“I have read the key points of the report. It is a serious report and makes particular recommendations. In consideration of those key points I have asked the Minister for Communications, Energy and Natural Resources to refer the report to the Director of Public Prosecutions, DPP, and to the Garda Commissioner for their consideration”
The greatest impression of the report on the public consciousness might be the relationship between former communications minister Michael Lowry and telecoms businessman Denis O’Brien during the award of the State’s second mobile phone licence in 1995. But there were other elements to the report and one involved entrepreneur Ben Dunne and a property he owned on Marlborough Street in Dublin city centre which was rented to Telecom Eireann, a state company ultimately under the aegis of Michael Lowry as communications minister.
The Tribunal heard from estate agent, Mark Fitzgerald, managing director of Sherry Fitzgerald and son of Garret Fitzgerald, former Fine Gael taoiseach, of alleged attempts by then-minister Lowry in 1995 to influence the estate agent which was acting as arbitrator in setting a new rent for the building. It was alleged that on at least two occasions, then-Minister Lowry had sought to influence the boss of the estate agency to double the rent from IRL 5 to IRL 10 per square foot. Ben Dunne owned the building and had donated large sums to the Fine Gael party, the political party of which Michael Lowry was then a member, and Ben Dunne had also directly benefitted Michael Lowry through the payment for building works at Michael Lowry’s home in Tipperary.
The Moriarty Tribunal report published in March 2011 says in paragraph 13.50 in relation to the rent review on the property on Marlborough Street
“Indeed, what was contemplated and attempted on the part of Mr Dunne and Mr Lowry was profoundly corrupt to a degree that was nothing short of breathtaking”
It should be said that the Moriarty Tribunal was, like the other tribunals, not a formal court process in the traditional sense. Although a senior judge chaired the Tribunal, it did not have the same standards of evidence and process as a court, it was inquisitorial rather than overseeing plaintiff and defendant arguing as adversaries. However, it would appear from at least one subsequent court case, where Michael Lowry was unsuccessfully suing journalist Sam Smyth for libel, that the Tribunal is not legally worthless. Judge Kearns said in his High Court judgment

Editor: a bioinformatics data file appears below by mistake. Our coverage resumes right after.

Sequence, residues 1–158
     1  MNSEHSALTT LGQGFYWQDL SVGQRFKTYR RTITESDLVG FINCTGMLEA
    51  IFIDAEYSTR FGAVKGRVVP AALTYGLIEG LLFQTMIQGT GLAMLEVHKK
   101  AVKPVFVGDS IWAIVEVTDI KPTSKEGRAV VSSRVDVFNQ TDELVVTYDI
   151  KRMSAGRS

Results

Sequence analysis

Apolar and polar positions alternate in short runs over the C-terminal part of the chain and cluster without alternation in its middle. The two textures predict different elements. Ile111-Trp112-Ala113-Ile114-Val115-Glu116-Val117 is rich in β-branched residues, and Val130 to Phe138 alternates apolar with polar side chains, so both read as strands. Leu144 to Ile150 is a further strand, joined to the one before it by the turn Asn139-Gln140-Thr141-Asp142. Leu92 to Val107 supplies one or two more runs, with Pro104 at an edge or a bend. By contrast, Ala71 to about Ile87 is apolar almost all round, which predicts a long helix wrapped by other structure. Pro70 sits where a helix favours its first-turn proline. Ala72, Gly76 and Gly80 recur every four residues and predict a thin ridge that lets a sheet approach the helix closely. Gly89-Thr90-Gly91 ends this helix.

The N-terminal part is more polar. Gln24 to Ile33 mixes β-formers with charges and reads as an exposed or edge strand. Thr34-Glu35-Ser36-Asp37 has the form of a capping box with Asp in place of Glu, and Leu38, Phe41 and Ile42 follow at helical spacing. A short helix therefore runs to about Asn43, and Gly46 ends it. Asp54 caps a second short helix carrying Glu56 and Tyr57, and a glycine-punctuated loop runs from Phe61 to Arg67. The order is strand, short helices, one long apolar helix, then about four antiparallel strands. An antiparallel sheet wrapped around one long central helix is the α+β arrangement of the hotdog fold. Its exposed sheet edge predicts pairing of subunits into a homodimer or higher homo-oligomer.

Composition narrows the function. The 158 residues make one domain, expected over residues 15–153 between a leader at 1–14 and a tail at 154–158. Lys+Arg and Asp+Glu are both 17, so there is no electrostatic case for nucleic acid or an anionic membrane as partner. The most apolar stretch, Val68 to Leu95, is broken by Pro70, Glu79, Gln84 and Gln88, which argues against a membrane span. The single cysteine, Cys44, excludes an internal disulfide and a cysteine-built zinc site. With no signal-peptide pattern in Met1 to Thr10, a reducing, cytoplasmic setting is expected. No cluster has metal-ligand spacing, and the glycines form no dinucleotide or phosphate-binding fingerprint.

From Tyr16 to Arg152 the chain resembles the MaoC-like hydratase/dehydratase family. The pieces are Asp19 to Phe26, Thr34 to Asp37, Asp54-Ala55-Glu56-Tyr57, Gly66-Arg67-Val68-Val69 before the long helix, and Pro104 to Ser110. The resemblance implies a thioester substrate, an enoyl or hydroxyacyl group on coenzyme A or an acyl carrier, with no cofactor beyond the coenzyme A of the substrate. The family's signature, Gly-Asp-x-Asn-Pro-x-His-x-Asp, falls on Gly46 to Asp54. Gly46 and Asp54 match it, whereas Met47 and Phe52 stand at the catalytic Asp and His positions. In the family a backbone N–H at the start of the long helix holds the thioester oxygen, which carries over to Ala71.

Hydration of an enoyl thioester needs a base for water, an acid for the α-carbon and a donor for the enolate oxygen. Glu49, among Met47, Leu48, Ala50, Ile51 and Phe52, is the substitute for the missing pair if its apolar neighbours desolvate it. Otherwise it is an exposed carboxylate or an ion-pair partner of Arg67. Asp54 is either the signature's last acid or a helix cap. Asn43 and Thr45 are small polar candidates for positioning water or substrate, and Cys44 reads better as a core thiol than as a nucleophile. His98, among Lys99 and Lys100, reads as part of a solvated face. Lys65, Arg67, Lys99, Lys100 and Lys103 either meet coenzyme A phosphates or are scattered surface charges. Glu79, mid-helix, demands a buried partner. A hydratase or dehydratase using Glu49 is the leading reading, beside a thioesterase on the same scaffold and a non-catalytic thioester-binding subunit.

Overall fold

“But of course tribunal hearings and findings may be reported upon by the media and tribunal findings may certainly provide a roadmap or trail for other bodies or persons with an interest in the subject matter of inquiry, be it the Oireachtas, the Office of the Director of Public Prosecutions or litigants who engage in private litigation. Shorn of this characteristic, the function of tribunals would be rendered totally nugatory and pointless. The critical consideration in the cases cited above is that tribunal findings do not of themselves constitute material of probative value in such proceedings. They may however point to sources of evidence which may then be accessed in that separate context.”
It should also be said that specific dramatis personae, notably Michael Lowry and Denis O’Brien, reject in strong terms, the findings of the Tribunal.
But let’s ignore the O’Brien/Lowry angle of the Tribunal’s findings here. What about the Dunne/Lowry/Fitzgerald findings? Yesterday, Ben Dunne himself, called into RTE Radio’s Liveline show where he offered his views on bankruptcy and bankruptcy tourism. Ben strongly suggests that borrowers should be proactive, and in that context the following was broadcast: